Tissue Factor Pathway Inhibitor Blocks Angiogenesis via Its Carboxyl Terminus
Objective—Tissue factor pathway inhibitor (TFPI) is the primary regulator of the tissue factor (TF) coagulation pathway. As such, TFPI may regulate the proangiogenic effects of TF. TFPI may also affect angiogenesis independently of TF, through sequences within its polybasic carboxyl terminus (TFPI C terminus [TFPIct]). We aimed to determine the effects of TFPI on angiogenesis and the role of TFPIct.
Methods and Results—Transgenic overexpression of TFPI attenuated angiogenesis in the murine hindlimb ischemia model and an aortic sprout assay. In vitro, TFPI inhibited endothelial cell migration. Peptides within the human TFPIct inhibited endothelial cell cord formation and migration in response to vascular endothelial growth factor (VEGF) 165 but not VEGF121. Furthermore, exposure to human TFPIct inhibited the phosphorylation of VEGF receptor 2 at residue Lys951, a residue known to be critical for endothelial cell migration. Finally, systemic delivery of a murine TFPIct peptide inhibited angiogenesis in the hindlimb model.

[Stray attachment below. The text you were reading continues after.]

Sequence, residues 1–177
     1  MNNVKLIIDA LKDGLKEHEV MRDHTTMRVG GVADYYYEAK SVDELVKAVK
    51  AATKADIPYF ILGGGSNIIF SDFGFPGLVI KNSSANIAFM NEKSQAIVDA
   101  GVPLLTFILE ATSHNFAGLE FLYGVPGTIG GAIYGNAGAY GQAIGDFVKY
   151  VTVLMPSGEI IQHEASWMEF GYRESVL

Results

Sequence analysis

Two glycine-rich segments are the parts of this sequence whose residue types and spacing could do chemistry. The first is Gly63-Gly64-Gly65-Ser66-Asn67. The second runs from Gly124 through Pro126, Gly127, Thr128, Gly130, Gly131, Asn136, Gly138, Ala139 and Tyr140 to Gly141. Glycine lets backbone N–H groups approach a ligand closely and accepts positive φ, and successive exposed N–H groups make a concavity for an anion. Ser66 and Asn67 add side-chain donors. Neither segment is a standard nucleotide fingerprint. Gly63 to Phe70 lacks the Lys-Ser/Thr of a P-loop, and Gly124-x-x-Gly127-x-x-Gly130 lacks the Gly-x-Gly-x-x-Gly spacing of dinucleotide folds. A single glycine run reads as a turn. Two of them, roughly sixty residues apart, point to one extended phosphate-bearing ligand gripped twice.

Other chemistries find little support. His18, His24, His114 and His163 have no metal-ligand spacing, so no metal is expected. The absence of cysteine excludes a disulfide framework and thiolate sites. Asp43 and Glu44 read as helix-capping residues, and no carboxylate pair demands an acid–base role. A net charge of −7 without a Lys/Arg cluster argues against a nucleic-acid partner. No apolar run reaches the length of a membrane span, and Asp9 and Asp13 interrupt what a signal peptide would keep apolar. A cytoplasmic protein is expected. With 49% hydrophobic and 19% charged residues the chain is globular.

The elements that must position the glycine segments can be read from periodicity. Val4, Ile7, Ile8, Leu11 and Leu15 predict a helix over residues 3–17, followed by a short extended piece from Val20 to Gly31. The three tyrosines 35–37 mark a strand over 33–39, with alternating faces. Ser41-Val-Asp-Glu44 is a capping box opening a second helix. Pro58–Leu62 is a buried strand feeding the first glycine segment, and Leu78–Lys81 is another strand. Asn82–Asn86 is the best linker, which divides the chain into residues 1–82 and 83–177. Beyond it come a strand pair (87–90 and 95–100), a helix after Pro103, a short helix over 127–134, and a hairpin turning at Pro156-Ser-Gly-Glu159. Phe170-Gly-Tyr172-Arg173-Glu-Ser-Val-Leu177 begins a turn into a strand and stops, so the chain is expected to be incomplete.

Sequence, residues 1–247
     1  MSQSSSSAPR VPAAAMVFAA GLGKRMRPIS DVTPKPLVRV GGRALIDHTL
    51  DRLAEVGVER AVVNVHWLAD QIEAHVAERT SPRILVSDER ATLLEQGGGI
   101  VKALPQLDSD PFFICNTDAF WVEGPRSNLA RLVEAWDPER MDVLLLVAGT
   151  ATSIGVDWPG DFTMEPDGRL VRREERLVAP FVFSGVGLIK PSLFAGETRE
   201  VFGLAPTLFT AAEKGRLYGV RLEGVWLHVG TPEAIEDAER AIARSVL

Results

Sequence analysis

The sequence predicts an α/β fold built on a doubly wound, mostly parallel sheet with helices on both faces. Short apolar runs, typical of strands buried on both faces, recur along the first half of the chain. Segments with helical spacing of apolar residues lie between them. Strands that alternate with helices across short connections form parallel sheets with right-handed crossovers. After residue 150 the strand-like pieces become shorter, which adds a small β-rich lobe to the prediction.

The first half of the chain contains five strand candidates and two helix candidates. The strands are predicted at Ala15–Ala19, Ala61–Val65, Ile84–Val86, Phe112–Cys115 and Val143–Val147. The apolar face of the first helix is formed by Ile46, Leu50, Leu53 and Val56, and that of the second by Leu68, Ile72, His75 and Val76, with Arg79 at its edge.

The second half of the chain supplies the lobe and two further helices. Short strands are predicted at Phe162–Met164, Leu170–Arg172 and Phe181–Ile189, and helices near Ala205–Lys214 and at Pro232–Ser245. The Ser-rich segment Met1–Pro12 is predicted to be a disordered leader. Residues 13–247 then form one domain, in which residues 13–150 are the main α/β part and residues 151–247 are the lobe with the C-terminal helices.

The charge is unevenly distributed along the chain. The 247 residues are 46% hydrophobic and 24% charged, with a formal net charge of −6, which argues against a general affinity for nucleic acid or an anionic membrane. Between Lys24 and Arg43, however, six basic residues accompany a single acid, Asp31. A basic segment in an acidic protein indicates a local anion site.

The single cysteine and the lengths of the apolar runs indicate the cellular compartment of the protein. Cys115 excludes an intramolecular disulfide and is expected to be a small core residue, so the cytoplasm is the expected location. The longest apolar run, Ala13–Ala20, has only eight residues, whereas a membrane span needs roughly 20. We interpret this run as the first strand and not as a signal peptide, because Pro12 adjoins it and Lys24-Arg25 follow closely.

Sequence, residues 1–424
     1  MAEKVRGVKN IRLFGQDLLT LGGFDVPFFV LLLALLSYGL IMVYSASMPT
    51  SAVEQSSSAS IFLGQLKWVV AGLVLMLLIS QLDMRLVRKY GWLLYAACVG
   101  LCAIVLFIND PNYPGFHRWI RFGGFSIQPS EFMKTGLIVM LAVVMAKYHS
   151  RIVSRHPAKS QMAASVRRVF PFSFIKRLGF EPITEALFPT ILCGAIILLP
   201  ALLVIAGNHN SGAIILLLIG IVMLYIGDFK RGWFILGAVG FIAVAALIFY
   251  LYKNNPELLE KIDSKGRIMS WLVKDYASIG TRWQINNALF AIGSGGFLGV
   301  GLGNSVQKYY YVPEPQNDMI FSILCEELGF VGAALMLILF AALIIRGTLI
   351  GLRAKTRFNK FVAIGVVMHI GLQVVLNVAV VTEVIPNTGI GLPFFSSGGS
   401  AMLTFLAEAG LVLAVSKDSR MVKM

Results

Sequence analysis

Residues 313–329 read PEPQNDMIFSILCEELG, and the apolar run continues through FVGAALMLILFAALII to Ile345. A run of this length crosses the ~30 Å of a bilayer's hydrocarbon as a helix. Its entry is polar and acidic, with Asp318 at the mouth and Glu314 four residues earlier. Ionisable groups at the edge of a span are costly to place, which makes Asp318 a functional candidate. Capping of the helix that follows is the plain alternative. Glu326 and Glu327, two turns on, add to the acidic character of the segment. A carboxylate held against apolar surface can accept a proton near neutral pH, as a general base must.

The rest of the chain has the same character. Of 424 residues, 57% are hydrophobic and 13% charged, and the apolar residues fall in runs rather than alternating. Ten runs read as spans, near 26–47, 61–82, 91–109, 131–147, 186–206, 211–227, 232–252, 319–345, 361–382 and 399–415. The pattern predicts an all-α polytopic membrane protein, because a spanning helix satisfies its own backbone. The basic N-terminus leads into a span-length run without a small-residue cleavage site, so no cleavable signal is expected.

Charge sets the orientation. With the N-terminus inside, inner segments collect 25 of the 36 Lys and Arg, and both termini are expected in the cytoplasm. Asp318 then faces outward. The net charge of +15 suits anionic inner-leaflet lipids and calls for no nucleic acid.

Conclusion—These data demonstrate an inhibitory role for TFPI in angiogenesis that is, in part, mediated through peptides within its carboxyl terminus. In addition to its known role as a TF antagonist, TFPI, via its carboxyl terminus, may regulate angiogenesis by directly blocking VEGF receptor 2 activation and attenuating the migratory capacity of endothelial cells.
- Received January 28, 2011.
- Accepted December 12, 2011.
- © 2012 American Heart Association, Inc.